Berwin Leighton Paiser, a large law firm in the U.K. that discussed a combination with Greenberg Traurig last year, is now mulling a potential union with Bryan Cave.
The tentative deal, which both firms acknowledged in a joint statement, would create a combined 1,500-lawyer firm with 32 offices in 12 countries around the world. Total combined gross revenue would approach the $1 billion mark. Internet domain name registration records show that the website www.bryancaveblp.com was registered anonymously on Oct. 12.
In their statement, the two firms said that any combination is subject to the resolution of conflict issues and approval by the partnerships at each firm before year’s end.
“Our two firms share a strong commitment to innovation in the interests of our clients,” BLP managing partner Lisa Mayhew said. “We also have an unusually strong cultural fit with a mutual focus on collaboration across our businesses in the interests of deep and lasting client relationships. It is encouraging for the potential firm that BLP and Bryan Cave both have this complementary heritage, but crucially also share the same ambitions for the future.”
BLP boosted its gross revenue by 7 percent last year, to £272 million ($361.3 million), although profits per equity partner fell by nearly 8 percent, to £630,000 ($836,876). Meanwhile, Bryan Cave saw its gross revenue slip slightly in 2016, to $608 million, while profits per equity partner rose 7.5 percent, to $865,000.
“If we combine, we will operate without regard to geographic boundaries,” said Bryan Cave chair Therese Pritchard in the joint statement issued by her firm and BLP. “Our firm would be one of only a handful of global firms operating in a one-firm structure with more than 500 lawyers in both the U.S. and also internationally. We will seamlessly provide counsel to clients across the globe, deliver client service at a new level and use technology and innovation to redefine efficiency in the practice of law.”
Pritchard, who became Bryan Cave’s first female leader in 2014, told The American Lawyer earlier this year that her firm is always interested in opportunities to expand its platform. The 870-lawyer Am Law 100 firm, which has its roots in St. Louis, currently has 19 offices in the U.S. alongside Asian outposts in Hong Kong and Shanghai and a European presence in Frankfurt, Hamburg, London and Paris. (Bryan Cave also has an affiliation agreement with a firm in Milan.)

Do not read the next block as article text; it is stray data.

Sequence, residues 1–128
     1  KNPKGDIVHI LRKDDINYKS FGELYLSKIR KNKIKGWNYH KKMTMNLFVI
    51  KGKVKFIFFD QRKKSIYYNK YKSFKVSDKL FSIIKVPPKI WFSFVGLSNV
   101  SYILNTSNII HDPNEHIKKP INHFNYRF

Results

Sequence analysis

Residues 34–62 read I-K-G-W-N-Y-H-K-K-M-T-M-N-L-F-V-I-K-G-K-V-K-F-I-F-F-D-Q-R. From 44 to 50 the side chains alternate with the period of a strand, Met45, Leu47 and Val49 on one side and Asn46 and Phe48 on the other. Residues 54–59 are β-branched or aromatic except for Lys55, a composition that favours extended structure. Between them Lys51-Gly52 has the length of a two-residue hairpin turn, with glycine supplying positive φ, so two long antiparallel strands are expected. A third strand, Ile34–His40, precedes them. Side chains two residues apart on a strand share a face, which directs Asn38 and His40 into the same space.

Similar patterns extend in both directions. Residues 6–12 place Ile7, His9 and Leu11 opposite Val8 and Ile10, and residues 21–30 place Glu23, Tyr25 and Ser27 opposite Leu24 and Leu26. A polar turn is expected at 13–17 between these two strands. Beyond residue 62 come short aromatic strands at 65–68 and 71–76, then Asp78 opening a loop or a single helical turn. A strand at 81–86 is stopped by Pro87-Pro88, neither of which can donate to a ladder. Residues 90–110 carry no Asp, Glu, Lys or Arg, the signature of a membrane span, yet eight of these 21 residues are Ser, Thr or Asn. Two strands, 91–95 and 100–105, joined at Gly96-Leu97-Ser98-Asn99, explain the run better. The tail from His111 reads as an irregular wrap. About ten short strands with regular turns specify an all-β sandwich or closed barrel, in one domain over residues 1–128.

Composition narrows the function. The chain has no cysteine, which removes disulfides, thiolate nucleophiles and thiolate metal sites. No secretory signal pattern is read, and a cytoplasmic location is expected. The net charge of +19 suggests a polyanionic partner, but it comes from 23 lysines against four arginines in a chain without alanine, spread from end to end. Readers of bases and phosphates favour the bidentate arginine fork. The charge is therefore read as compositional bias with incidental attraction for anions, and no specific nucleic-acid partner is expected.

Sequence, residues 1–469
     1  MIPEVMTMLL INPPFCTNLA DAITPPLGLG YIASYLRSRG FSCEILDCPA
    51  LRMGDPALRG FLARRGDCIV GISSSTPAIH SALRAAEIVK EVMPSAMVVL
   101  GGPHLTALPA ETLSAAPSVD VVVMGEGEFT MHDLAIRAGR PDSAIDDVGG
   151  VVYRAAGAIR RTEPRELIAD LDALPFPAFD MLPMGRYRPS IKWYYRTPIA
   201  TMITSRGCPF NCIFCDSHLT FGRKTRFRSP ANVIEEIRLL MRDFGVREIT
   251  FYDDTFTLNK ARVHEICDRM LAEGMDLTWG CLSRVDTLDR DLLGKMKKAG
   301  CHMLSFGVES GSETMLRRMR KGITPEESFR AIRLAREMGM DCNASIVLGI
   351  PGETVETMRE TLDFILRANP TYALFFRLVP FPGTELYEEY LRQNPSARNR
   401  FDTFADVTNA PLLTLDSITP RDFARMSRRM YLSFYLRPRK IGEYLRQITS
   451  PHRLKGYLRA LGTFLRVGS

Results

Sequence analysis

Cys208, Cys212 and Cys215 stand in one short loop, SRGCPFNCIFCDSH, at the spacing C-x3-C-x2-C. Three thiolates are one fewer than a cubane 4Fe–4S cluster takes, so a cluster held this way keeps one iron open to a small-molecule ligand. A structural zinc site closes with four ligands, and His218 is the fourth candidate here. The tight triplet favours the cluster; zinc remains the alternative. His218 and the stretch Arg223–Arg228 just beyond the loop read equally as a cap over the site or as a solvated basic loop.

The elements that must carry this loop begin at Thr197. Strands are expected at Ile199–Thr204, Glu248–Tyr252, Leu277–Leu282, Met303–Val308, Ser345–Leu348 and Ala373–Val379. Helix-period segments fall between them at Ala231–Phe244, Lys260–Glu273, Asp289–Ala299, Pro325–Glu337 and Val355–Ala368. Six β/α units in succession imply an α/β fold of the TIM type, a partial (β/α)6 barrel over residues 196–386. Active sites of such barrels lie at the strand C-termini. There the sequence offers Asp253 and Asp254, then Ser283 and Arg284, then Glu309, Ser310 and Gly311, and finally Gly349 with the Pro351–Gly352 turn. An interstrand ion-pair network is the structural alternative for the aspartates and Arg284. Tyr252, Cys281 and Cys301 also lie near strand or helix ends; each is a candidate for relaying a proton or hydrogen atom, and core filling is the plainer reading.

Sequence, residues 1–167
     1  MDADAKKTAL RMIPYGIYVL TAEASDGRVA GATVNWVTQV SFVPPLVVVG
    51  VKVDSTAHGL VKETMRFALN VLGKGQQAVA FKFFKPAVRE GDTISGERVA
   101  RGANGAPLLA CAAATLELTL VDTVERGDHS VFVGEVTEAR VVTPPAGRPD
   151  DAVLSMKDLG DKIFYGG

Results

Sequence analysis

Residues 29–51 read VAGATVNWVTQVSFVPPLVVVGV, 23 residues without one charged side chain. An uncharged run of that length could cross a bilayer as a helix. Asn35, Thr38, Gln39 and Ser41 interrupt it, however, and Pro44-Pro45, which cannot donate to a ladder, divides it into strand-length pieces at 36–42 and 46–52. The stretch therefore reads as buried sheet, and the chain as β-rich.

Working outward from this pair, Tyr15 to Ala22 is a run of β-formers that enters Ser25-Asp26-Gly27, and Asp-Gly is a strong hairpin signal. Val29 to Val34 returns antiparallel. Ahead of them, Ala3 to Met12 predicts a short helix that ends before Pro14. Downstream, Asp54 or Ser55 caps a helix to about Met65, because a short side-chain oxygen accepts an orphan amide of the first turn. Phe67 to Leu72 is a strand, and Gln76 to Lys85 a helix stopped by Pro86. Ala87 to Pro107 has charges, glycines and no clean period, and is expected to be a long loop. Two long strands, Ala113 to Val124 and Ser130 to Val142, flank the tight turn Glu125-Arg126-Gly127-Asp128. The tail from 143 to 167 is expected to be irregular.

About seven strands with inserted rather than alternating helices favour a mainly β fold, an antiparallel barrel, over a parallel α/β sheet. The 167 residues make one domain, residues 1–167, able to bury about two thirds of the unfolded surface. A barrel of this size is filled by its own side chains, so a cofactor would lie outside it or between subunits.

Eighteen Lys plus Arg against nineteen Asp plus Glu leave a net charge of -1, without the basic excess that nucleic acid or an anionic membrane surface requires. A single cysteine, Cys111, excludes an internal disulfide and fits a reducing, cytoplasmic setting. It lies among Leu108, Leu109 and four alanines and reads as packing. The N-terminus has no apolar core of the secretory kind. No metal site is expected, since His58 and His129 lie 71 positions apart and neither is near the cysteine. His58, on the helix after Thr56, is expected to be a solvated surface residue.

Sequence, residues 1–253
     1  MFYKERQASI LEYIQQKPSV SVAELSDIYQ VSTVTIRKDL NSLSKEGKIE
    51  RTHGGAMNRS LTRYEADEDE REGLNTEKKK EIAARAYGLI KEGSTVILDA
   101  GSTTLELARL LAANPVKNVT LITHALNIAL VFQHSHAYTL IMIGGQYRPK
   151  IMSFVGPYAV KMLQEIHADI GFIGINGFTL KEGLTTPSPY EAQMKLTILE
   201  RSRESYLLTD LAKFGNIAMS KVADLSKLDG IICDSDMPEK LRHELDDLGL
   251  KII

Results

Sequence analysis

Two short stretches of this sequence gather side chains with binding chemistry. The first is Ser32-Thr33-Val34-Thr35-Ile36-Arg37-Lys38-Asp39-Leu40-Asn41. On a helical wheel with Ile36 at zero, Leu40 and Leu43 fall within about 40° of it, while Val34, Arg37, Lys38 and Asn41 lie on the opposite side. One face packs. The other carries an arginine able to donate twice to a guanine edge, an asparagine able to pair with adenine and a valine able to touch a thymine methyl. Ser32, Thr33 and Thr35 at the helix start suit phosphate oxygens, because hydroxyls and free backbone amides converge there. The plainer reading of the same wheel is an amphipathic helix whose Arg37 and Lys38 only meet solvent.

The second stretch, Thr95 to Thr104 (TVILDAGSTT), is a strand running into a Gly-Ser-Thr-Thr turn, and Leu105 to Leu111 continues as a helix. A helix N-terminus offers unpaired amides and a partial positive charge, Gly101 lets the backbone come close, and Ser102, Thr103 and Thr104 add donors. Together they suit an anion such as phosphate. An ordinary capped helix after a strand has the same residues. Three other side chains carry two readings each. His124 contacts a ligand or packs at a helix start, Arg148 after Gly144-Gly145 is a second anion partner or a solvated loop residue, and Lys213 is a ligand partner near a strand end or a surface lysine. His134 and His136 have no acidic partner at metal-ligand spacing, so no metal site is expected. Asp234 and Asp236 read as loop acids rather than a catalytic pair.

In late 2015, Bryan Cave was close to acquiring Dickstein Shapiro before a deal collapsed shortly after Christmas, leading what was left of the latter to pursue another deal with Blank Rome. But Bryan Cave has a long track record when it comes to law firm combinations, having absorbed Denver-based Holme Roberts & Owen in 2012, Atlanta-based Powell Goldstein in 2009 and New York’s Robinson Silverman Pearce Aronsohn & Berman in 2002. In 2006, Bryan Cave held unsuccessful merger talks with Squire Patton Boggs predecessor Squire, Sanders & Dempsey.
Bryan Cave is also known for being at the forefront of law firm innovation, recently launching a technology incubator and establishing a program that trains associates to think of ways on how to use technology to change the traditional business model for providing legal services.
Following the end of tie-up talks last year between BLP and Greenberg Traurig, both firms cited a clash in cultures and compensation systems as helping undo the discussions toward creating a 2,500-lawyer global firm. While both sides insisted the decision was mutual, issues did arise with BLP’s management, according to reporting by The American Lawyer.
BLP has been restructuring certain aspects of its operations in recent years, with its corporate practice being re-focused in 2015 to support real estate and litigation clients. The firm itself was created in 2001 through the merger of British firms Berwin Leighton and Paisner & Co, a combination that was the focus of a Harvard Law School case study in 2011.